Solutions to homework # 2.
1. For arbitrary
z
=
a
+
b
i,
w
=
c
+
d
i, define
z < w
if
a < c
or
a
=
c
and
b < d
. Prove that
this turns C
into an ordered set (”dictionary” or lexicographic” order). Does this ordered
set have the least upper bound property?
Solution. To check that this defines an ordered set, we must establish that any two elements
are comparable. Indeed, if
w
=
z
, then
a < c
,
a
=
c
or
a > c
. If
a < c
, then
z < w
; if
a > c
,
then
z > w
. If
a
=
c
, then either
b < d
(and then
z < w
) or
b > d
(and then
z > w
). So,
any two elements of C
are comparable using the lexicographic order.
Next, we need to check that the lexicographic order is transitive. Indeed, if
z
1
< z
2
< z
3
,
then Re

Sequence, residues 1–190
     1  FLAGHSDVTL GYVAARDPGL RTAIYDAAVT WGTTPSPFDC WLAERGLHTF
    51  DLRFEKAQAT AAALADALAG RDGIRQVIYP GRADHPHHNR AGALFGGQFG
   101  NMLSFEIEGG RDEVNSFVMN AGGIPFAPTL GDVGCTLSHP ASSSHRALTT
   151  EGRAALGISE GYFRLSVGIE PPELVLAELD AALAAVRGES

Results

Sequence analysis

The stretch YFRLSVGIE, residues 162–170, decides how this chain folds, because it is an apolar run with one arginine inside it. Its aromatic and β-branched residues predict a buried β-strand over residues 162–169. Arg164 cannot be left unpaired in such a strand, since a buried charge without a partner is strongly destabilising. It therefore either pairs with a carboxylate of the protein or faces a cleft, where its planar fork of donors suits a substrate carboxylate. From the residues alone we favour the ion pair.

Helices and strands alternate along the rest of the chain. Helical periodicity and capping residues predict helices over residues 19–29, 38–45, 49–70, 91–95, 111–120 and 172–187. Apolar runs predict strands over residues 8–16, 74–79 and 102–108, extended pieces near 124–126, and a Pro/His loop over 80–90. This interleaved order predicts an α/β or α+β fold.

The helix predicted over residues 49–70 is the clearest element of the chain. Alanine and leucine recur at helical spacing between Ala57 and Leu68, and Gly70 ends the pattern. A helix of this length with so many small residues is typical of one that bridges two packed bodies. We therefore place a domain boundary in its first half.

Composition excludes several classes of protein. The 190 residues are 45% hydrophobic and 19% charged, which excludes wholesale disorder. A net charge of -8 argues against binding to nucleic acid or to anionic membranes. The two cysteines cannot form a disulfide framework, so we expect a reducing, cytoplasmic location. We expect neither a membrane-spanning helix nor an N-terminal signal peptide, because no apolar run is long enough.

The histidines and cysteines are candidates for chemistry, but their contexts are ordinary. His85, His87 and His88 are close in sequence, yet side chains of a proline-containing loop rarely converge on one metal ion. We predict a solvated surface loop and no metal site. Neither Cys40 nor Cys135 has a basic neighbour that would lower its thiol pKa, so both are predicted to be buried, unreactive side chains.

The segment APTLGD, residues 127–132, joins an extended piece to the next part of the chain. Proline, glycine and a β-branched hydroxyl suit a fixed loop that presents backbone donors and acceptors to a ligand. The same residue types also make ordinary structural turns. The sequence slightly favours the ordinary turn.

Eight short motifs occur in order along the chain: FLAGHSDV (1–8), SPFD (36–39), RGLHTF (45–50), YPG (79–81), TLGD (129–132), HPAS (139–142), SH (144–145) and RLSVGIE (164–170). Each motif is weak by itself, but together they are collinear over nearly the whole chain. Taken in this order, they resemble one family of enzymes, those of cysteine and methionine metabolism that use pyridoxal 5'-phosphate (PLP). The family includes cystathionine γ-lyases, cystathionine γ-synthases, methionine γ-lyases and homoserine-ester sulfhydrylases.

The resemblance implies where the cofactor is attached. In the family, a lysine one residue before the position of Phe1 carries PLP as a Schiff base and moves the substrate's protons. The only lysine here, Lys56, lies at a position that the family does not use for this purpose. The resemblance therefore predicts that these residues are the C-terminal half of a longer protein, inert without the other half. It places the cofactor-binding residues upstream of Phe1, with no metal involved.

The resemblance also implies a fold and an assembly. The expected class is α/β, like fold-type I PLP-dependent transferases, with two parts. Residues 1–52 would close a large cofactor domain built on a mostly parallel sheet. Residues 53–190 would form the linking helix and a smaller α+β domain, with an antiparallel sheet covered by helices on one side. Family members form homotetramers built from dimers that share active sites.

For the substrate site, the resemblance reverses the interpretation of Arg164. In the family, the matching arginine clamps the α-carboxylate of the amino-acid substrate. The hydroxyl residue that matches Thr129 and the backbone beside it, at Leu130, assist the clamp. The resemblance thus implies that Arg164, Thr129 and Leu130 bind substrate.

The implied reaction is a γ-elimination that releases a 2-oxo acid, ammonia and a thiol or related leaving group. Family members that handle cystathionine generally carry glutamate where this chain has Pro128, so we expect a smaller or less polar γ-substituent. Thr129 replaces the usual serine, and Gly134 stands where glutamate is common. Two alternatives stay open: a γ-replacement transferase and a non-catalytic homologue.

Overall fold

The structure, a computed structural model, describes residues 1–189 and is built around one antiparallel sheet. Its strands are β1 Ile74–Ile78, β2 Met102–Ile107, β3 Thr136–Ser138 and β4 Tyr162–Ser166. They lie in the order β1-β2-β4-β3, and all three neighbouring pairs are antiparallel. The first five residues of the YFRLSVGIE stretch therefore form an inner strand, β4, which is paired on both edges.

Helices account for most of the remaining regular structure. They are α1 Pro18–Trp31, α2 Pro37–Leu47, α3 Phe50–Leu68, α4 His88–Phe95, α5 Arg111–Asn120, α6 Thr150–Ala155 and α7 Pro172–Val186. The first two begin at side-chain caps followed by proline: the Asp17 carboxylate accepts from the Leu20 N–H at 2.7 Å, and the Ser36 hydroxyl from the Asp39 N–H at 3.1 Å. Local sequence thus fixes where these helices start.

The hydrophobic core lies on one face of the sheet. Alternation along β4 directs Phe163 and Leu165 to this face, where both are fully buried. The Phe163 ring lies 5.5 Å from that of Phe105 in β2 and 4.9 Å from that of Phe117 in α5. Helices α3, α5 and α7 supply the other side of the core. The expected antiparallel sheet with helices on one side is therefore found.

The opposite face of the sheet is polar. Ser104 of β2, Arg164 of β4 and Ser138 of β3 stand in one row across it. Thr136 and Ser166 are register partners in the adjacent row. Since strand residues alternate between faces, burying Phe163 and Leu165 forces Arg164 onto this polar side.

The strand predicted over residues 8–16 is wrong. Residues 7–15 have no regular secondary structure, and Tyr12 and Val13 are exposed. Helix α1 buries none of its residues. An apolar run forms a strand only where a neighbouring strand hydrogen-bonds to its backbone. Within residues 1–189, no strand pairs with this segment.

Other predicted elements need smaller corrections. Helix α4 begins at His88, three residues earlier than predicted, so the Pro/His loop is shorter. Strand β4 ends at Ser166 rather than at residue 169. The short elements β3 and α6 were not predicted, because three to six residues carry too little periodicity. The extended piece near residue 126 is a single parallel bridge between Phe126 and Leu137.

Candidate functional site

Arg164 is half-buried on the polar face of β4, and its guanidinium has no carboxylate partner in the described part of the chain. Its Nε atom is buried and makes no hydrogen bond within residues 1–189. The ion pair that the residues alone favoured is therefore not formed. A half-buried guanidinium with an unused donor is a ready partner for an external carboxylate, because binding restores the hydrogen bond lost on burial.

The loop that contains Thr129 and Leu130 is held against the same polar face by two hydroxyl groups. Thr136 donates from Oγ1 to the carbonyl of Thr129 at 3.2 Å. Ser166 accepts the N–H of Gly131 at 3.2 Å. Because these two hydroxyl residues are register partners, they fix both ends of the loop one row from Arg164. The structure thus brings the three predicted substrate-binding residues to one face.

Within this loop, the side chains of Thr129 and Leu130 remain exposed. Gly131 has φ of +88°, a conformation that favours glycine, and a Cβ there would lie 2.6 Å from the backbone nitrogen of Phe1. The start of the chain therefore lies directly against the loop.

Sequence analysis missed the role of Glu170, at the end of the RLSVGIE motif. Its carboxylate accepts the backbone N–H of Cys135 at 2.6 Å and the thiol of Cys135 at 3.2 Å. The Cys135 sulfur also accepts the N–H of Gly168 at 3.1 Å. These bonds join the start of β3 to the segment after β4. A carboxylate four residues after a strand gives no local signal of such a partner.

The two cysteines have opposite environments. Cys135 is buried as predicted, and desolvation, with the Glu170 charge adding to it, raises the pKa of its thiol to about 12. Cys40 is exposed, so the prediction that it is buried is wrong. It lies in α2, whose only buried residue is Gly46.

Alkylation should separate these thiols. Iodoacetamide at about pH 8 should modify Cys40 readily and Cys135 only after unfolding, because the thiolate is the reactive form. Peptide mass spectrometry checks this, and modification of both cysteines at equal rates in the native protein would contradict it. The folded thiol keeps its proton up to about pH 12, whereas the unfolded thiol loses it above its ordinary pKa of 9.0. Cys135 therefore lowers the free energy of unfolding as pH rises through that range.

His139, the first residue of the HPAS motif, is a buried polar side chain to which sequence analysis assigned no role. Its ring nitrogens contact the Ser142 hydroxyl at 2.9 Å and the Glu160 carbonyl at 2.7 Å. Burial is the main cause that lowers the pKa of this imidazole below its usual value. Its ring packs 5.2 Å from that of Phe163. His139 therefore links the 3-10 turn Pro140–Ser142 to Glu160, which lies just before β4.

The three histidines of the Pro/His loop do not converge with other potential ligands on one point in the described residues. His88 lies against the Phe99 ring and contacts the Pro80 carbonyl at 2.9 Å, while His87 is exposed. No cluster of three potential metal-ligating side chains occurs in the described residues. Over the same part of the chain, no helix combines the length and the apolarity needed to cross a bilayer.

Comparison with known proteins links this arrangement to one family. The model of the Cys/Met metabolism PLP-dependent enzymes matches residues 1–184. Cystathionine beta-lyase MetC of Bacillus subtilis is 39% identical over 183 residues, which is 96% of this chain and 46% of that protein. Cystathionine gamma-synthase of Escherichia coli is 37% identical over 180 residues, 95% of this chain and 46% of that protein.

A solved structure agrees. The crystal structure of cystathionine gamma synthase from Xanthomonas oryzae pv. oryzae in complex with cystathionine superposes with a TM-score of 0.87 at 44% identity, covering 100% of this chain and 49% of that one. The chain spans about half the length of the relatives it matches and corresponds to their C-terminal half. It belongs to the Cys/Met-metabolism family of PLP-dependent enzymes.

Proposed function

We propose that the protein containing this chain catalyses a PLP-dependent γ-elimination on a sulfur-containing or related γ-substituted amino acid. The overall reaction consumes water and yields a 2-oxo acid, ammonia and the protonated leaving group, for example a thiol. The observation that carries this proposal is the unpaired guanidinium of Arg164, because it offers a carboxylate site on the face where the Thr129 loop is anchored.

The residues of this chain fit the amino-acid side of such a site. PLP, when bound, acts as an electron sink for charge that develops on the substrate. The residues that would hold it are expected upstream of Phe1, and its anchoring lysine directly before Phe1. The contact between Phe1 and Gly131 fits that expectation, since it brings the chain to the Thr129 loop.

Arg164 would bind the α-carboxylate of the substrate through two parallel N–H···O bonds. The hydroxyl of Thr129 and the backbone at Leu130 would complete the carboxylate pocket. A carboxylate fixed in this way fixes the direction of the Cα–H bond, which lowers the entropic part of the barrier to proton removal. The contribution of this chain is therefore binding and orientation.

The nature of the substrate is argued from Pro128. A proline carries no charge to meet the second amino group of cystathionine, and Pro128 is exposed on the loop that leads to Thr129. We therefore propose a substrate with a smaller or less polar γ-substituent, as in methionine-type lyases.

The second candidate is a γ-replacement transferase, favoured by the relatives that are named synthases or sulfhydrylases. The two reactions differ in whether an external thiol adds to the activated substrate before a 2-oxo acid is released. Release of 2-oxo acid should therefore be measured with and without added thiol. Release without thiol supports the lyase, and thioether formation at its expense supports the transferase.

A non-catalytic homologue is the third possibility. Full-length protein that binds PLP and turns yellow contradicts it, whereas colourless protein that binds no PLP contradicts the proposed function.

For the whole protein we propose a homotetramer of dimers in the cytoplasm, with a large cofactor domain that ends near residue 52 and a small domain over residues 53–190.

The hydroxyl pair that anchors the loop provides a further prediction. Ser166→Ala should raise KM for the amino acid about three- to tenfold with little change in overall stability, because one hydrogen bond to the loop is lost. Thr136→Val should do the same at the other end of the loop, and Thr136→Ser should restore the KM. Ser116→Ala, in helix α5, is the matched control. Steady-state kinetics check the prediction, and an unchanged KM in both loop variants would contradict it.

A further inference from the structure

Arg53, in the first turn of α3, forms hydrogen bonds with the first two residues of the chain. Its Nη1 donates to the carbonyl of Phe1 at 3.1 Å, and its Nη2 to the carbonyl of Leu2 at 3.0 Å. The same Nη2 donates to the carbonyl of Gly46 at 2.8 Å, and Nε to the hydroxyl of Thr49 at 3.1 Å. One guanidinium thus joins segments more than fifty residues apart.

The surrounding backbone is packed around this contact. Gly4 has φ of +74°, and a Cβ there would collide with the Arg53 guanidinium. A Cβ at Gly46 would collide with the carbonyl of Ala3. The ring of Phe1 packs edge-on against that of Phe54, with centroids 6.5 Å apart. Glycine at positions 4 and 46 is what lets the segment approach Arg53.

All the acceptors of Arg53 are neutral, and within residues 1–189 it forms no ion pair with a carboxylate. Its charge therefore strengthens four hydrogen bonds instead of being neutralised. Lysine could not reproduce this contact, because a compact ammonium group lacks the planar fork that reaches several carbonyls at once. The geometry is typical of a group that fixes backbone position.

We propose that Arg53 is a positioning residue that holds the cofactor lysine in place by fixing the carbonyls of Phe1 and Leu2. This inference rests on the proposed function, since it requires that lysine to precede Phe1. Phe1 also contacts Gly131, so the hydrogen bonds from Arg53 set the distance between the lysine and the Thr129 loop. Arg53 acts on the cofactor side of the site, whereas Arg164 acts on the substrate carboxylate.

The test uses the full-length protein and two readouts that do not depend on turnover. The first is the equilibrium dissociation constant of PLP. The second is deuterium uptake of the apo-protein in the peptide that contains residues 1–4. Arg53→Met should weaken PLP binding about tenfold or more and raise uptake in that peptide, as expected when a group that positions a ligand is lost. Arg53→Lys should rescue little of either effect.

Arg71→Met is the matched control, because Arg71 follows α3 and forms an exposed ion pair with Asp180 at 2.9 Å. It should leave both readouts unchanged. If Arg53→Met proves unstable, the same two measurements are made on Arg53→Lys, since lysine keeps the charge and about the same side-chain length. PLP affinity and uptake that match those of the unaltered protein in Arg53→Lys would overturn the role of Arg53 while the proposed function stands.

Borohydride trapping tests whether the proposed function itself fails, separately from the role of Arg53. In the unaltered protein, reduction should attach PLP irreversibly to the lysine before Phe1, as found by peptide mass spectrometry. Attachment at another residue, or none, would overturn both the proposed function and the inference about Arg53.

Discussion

z
1
≤
Re
z
2
≤
Re
z
3
. If Re
z
1
<
Re
z
3
, then
z
1
< z
3
and we are done. If Re
z
1
= Re
z
3
,
then both inequalities must be equalities, i.e., Re
z
1
= Re
z
2
= Re
z
3
, but then Im
z
1
<
Im
z
2
<
Im
z
3
, hence
z
1
< z
3
. Thus C
is ordered by the lexicographic order.
This order does not have the least upper bound property. Consider the set
S
:=
{
z
: Re
z <
0
}
. This set is nonempty and bounded above by say 0. Suppose that
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 Spring '09
 #, Order theory, Complex number, upper bound, Partially ordered set

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